Advocacy With Congress
The Affordable Care Act (ACA) is a comprehensive health system reform law that will increase health insurance coverage substantially for the uninsured and implement long overdue reforms to the health insurance market. The new law includes many major provisions that are consistent with AMA policy and hold the potential for a stronger, better performing health care system. While the ACA represents a tremendous step forward on the path toward meaningful health system reform, it is not the last step, but rather the beginning.
The AMA is continuing to work with Congress and the Administration to refine certain provisions in the ACA.
Independent Payment Advisory Board (IPAB)
The Independent Payment Advisory Board, or IPAB, is a federal panel created under the Affordable Care Act to make payment and policy decisions that could adversely affect access to health care for millions of Medicare patients. Similar to the sustainable growth rate (SGR) formula permanently repealed in the Medicare Access and CHIP Reauthorization Act of 2015, the IPAB would rely solely on arbitrary payment cuts to reduce Medicare spending. Medicare spending growth has slowed in recent years, so the panel has not yet been appointed, and the threat of cuts has not yet materialized. Congress has also taken action each year to rescind funding for the IPAB to begin its work, most recently in the Consolidated Appropriations Act of 2016. Nonetheless, Medicare has repeatedly estimated that spending will grow in future years and trigger the need for across-the-board provider cuts by the IPAB. So the AMA continues to strongly support permanent repeal of the IPAB.
On June 23, 2015, the U.S. House of Representatives passed H.R. 1190, the “Protecting Seniors’ Access to Medicare Act,” which would repeal the IPAB. The legislation was sponsored by Representatives Phil Roe, MD (R-TN) and Linda Sanchez (D-CA), and was adopted by a vote of 244 to 154. Unfortunately, the final version of H.R. 1190 would offset the cost of the legislation by cutting more than $7 billion in public health and prevention funding. So the AMA will work to replace those cuts with more appropriate offsets. The AMA is also working with Senator John Cornyn (R-TX), the sponsor of companion legislation in the U.S. Senate, S. 141, and others to secure final passage of IPAB repeal legislation and to ensure that seniors will continue to have access to their physicians.
Passage of H.R. 1725, the "National All Schedules Prescription Electronic Reporting Reauthorization Act of 2015" (NASPER 2015) and full appropriations is urgently needed to ensure that physicians across the country have a critical tool at the point-of-care to combat prescription drug abuse while ensuring patients with legitimate need of pain management continue to have access. Unfortunately, the appropriations to fully fund, modernize, and optimize NASPER prescription drug monitoring programs (PDMPs) have not kept pace with the rapid escalation in abuse and diversion of prescription drugs. Fully-funded PDMPs would provide more physicians with access to reliable, real-time information about prescriptions patients have obtained (and filled) from other prescribers, particularly controlled substances.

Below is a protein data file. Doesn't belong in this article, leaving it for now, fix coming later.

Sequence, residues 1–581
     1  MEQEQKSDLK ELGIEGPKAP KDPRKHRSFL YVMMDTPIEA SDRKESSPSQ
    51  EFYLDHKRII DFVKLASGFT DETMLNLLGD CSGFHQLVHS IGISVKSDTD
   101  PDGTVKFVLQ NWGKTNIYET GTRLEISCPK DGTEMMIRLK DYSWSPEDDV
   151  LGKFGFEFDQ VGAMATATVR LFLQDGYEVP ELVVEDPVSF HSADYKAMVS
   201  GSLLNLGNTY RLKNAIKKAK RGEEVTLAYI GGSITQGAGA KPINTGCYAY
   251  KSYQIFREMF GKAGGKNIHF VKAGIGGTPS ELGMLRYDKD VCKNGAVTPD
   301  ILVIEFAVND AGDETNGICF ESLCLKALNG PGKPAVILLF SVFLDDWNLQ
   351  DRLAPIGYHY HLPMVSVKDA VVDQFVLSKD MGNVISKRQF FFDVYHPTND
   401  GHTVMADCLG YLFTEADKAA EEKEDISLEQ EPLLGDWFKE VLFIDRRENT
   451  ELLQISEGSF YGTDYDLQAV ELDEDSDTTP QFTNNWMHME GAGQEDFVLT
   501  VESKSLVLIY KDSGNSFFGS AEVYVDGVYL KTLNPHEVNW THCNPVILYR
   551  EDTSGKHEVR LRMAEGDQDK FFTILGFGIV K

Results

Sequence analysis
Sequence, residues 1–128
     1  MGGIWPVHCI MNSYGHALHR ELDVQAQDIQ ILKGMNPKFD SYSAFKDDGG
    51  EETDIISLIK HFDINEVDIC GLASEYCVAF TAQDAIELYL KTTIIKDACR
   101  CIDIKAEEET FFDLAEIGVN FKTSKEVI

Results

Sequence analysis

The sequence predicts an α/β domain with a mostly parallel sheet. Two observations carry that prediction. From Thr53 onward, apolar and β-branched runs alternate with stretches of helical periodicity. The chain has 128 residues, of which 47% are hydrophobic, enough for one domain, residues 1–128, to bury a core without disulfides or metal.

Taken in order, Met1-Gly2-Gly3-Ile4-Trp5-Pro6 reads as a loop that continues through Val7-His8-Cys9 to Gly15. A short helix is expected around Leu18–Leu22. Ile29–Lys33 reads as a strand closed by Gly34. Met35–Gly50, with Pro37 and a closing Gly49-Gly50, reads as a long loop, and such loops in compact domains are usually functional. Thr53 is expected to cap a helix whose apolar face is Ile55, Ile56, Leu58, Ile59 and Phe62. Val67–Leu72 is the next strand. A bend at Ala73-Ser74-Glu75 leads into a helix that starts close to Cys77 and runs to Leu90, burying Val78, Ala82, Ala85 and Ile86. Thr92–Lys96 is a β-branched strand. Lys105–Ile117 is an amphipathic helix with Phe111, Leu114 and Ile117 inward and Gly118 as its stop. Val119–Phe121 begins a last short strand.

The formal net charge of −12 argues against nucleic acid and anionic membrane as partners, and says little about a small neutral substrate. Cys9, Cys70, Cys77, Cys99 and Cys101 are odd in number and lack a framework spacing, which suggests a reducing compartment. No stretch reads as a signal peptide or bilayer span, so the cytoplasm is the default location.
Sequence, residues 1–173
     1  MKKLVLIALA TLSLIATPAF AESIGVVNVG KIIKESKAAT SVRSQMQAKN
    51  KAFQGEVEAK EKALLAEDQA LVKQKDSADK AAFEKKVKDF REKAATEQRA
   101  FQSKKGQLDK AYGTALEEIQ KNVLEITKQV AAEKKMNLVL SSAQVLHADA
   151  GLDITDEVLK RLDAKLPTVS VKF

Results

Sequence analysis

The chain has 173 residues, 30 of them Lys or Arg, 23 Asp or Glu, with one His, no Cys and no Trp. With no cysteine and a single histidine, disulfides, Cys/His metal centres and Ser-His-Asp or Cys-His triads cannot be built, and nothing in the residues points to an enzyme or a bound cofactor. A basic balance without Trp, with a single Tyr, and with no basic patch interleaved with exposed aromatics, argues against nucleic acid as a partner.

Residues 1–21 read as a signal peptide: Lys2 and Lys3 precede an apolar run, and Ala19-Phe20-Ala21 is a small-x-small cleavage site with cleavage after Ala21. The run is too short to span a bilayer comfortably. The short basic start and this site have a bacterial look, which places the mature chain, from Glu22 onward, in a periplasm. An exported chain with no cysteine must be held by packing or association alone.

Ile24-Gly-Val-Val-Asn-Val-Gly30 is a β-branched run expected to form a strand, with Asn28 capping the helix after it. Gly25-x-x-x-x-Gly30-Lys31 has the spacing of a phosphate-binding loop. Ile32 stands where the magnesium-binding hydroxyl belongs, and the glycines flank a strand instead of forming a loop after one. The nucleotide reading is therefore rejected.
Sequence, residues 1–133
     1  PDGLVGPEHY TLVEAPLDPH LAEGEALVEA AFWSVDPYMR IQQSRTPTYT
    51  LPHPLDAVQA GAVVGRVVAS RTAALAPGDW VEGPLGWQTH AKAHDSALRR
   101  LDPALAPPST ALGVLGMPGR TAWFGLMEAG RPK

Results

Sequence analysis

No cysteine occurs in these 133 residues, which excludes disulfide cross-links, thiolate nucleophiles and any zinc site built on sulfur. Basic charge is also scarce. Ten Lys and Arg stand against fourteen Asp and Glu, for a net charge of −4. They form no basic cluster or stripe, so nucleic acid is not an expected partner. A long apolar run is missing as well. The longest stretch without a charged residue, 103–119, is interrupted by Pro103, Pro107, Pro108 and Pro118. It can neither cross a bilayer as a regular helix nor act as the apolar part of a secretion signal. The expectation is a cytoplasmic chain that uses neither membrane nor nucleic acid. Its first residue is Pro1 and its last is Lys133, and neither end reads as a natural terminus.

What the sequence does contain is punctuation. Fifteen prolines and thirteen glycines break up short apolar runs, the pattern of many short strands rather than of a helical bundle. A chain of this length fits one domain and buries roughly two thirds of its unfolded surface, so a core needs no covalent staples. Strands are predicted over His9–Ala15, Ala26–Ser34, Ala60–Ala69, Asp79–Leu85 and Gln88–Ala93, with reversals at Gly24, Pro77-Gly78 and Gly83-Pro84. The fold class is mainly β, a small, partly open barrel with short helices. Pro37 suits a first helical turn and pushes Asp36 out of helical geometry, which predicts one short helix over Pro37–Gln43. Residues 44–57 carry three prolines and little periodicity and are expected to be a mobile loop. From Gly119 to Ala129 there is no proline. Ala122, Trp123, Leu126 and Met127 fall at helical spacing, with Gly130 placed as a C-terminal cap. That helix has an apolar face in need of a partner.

In a January 7, 2014 letter, Dr. Stack responded to additional questions stemming from the November 2013 House Energy and Commerce Hearing: “Examining Public Health Legislation to Help Local Communities”
AMA urged immediate passage of H.R. 3528 (NASPER 2013) and full appropriations with a strong emphasis on the public health focus of NASPER in a November 2013 statement to the House Energy and Commerce Committee.
More than 11 million seniors, or 26.9% of the Medicare population, have diabetes and half of all seniors over age 65 have pre-diabetes. In addition, one in every three Medicare dollars is spent on diabetes and its complications. Spending on Medicare beneficiaries with prediabetes and diabetes is estimated to be more than $2 trillion over the next 10 years, including $1.7 trillion in federal spending. Interventions targeted at preventing or delaying the onset of serious and debilitating illnesses like diabetes must be a national priority because diabetes is a costly and devastating disease that places people at high risk for severe complications and other chronic diseases. With access to appropriate intervention and information, diabetes can be prevented, even for those at the highest risk. As part of the AMA's Improving Health Outcomes initiative, the AMA is committing its resources, expertise, and reach to prevent type 2 diabetes and to improve outcomes for those suffering from this disease. As part of this initiative, the AMA is collaborating with the YMCA to increase physician referrals to its program, which is part of the CDC's National Diabetes Prevention Program (NDPP).
Sen. Jeanne Shaheen (D-NH) introduced S. 586, the "National Diabetes Clinical Care Commission Act," on February 26, 2015. H.R. 1192, the companion bill, was introduced in the House by Rep. Pete Olson (R-TX) on March 2, 2015. The legislation would create a Commission that will focus on improving diabetes care delivery, patient outcomes and cost effectiveness. The AMA joined the American Association of Clinical Endocrinologists and other groups in supporting this legislation.
On April 29, 2015, Senator Al Franken (D-MN) and Rep. Susan Davis (D-CA) introduced the "Medicare Diabetes Prevention Act of 2015" (S. 1131/H.R. 2102), a bipartisan bill which would provide coverage for the National Diabetes Prevention Program under the Medicare program. The National Diabetes Prevention Program at the Centers for Disease Control and Prevention is a public-private partnership that provides low-cost, evidence-based community programs to prevent diabetes. Providing Medicare coverage for the National Diabetes Prevention Program will help seniors avoid diabetes and other chronic illnesses. The AMA joined the American Diabetes Association and others from the medical community in expressing its support for this legislation.
H.R. 2126, the "Cutting Costly Codes Act of 2015," was introduced by Representative Ted Poe (R-TX) on April 30, 2015. This legislation would prohibit the Secretary of HHS from replacing the current International Classification of Diseases, 9th Revision (ICD-9) with the ICD-10 diagnostic code set. In addition, it would require the GAO, in consultation with stakeholders, to conduct a study on ways to mitigate the disruption on health care providers resulting from a replacement of ICD-9 with ICD-10. The current deadline for implementation of ICD-10 is October 1, 2015.